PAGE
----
What happens when the British protest version of Occupy Wall Street pitch their tents outside one of the wealthiest churches in London? This answer to this question has been as messy and ill-defined as some of the protests themselves.
The Occupy Wall Street movement has taken on a life of its own, emerging by last count in one form or another in close to 100 nations. Although the protests seem to be ill-defined and leaderless, they are a witness to the frustration, powerlessness and alienation that many citizens feel in relation to the multinational institutions that shape our world.
And so the tent dwellers and protesters in London have congregated outside one of St. Paul’s Cathedral, one of England’s most recognizable landmarks and most well-heeled congregations. Banned from occupying the land outside the London Stock Exchange they made their way to the nearby church in the heart of London’s financial district, setting up shop on land owned partially by the church and partially by the city of London.
The church leadership has struggled with how to approach this sea of somewhat disorganized humanity outside its doors. As the pastor of a downtown local church, I can sympathize with their plight.
The Christian church has historically advocated for the poor and powerless. Most of Jesus’ followers and the earliest Christians appeared to come from the poor classes. But the church appeals to people of all classes; some studies indicate that the poorer, less educated members of society are less likely to be members of a church these days.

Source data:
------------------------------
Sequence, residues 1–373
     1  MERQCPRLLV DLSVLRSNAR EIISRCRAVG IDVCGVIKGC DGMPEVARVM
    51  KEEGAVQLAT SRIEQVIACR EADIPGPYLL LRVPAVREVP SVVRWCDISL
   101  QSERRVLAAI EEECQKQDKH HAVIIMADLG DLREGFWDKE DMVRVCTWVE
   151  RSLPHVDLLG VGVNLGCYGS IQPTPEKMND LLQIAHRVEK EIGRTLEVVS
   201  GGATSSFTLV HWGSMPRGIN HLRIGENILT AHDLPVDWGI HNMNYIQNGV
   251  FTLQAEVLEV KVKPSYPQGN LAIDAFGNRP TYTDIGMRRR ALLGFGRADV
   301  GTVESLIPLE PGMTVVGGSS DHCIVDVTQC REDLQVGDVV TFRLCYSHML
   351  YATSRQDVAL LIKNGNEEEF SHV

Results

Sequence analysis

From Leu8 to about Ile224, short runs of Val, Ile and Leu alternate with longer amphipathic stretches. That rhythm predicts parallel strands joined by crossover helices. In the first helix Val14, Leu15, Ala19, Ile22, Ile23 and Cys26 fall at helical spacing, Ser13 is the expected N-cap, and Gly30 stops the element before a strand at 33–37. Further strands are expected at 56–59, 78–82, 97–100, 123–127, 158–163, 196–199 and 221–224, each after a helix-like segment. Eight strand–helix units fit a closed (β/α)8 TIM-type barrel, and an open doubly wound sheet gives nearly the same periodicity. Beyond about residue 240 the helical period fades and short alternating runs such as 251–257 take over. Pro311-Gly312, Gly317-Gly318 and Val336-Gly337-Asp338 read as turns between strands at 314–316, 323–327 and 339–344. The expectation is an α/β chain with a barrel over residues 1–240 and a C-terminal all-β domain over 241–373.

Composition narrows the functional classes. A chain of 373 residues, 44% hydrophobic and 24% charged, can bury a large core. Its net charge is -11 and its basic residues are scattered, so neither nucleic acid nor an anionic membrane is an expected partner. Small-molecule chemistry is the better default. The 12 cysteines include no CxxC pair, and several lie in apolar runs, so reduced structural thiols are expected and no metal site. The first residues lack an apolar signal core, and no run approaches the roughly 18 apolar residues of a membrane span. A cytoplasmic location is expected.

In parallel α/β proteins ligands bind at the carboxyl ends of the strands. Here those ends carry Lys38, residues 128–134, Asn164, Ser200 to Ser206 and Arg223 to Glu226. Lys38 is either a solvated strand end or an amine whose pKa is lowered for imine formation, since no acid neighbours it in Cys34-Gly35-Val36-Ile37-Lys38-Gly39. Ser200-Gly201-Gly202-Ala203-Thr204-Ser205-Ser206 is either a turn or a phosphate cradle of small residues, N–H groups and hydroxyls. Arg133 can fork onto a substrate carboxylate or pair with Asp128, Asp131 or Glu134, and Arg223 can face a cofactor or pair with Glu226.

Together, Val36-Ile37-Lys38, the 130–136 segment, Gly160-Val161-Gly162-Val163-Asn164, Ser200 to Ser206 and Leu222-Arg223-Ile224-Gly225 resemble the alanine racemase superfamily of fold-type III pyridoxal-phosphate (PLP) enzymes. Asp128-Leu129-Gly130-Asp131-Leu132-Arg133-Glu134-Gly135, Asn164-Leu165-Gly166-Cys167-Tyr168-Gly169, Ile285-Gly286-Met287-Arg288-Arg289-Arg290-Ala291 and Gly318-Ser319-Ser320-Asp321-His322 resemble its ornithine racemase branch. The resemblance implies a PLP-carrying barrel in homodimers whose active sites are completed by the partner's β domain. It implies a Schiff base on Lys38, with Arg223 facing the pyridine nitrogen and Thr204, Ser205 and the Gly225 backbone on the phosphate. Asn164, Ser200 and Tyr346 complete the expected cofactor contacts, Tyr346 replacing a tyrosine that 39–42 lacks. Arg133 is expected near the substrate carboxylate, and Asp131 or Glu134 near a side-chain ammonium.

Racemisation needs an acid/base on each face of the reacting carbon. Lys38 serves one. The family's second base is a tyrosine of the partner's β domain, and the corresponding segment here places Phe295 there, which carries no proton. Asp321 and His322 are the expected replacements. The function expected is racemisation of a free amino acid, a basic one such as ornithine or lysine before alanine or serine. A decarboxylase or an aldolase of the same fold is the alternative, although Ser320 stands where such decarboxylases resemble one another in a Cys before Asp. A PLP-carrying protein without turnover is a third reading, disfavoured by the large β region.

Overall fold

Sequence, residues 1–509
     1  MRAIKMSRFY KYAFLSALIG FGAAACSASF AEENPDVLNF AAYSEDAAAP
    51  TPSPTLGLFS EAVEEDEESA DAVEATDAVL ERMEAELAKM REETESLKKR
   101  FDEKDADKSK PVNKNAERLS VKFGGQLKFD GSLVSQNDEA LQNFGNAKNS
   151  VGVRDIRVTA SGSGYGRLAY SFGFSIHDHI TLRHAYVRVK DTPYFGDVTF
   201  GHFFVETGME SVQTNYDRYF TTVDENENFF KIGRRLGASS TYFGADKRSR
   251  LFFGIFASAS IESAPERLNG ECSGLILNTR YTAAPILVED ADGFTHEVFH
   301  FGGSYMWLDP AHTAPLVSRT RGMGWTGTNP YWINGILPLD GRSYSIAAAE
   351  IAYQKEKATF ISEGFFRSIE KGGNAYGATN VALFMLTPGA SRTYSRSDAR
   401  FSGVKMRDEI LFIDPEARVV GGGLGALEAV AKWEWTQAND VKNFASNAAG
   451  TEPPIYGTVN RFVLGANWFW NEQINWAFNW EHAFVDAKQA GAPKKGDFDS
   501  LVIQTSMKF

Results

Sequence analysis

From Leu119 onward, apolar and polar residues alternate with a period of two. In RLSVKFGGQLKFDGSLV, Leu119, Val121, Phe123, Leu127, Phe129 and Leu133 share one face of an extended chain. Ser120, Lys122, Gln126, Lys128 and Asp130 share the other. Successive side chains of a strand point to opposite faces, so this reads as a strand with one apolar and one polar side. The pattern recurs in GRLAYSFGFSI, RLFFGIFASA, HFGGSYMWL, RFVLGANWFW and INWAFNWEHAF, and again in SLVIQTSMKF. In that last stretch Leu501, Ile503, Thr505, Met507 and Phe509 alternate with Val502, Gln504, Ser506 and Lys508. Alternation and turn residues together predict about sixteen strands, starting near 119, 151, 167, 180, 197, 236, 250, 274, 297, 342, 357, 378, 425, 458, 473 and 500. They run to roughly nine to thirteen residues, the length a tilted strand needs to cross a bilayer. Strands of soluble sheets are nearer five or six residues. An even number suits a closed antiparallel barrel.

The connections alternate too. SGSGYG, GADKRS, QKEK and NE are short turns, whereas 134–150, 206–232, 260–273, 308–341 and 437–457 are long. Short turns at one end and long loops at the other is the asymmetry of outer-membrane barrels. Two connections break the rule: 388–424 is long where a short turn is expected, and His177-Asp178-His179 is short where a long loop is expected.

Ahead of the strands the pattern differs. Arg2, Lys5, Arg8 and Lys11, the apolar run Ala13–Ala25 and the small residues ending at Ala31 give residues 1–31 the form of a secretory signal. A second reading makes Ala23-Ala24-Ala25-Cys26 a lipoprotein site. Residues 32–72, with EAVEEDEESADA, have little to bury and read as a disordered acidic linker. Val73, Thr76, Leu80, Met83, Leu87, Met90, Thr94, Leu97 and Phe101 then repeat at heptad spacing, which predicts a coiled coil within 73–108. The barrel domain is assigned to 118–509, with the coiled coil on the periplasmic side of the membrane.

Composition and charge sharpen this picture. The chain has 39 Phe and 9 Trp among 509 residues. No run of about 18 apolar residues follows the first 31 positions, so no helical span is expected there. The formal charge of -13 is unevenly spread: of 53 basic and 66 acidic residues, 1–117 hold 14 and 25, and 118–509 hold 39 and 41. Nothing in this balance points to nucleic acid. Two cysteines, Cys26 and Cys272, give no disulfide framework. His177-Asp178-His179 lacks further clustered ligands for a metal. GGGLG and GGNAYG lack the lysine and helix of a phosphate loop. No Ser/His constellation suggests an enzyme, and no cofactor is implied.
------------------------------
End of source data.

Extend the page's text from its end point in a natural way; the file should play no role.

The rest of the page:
So St. Paul’s Cathedral with its wealthy and highly educated membership originally responded hospitably, recognizing the protestors’ plight and making no effort to remove them. But as the disorder spread they closed the doors of the cathedral for the first time since World War II. I can understand this painful decision. Somebody has to clean up the church, after all. But this decision was so ill-received, both within the leadership of the church and beyond, that the church reversed field in two days. St. Paul’s, in closing its doors, also lost tourist revenue of 20,000 pounds per day.
This magnificent cathedral finds itself in another dilemma. It receives generous financial support, according to Reuters, from global banks Goldman Sachs, UBS and HSBC. These corporations, the very group the protesters so decry, have made a huge difference in the monumental expense of maintaining a church built in the 17th century.
So what does the church do? It’s easier to sympathize with the protesters when your own members are poor, powerless and at the mercy of forces well beyond their control. But a church whose membership includes the bankers and elite leaders of society finds itself in a quandary. Two senior pastors in the St. Paul’s congregation have resigned over the church’s perceived inhospitality and it appears that St. Paul’s reflects the same ambivalence about this movement as the rest of society.
Contact the Rev. Creede Hinshaw at Wesley Monumental United Methodist Church in Savannah at firstname.lastname@example.org.